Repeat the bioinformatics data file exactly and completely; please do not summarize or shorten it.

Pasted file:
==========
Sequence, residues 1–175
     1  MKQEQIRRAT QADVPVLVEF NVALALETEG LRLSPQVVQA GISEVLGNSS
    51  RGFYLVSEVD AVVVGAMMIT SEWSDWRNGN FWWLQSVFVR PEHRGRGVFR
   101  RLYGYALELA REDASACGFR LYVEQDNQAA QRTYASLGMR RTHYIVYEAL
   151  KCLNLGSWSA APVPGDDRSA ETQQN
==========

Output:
Sequence, residues 1–175
     1  MKQEQIRRAT QADVPVLVEF NVALALETEG LRLSPQVVQA GISEVLGNSS
    51  RGFYLVSEVD AVVVGAMMIT SEWSDWRNGN FWWLQSVFVR PEHRGRGVFR
   101  RLYGYALELA REDASACGFR LYVEQDNQAA QRTYASLGMR RTHYIVYEAL
   151  KCLNLGSWSA APVPGDDRSA ETQQN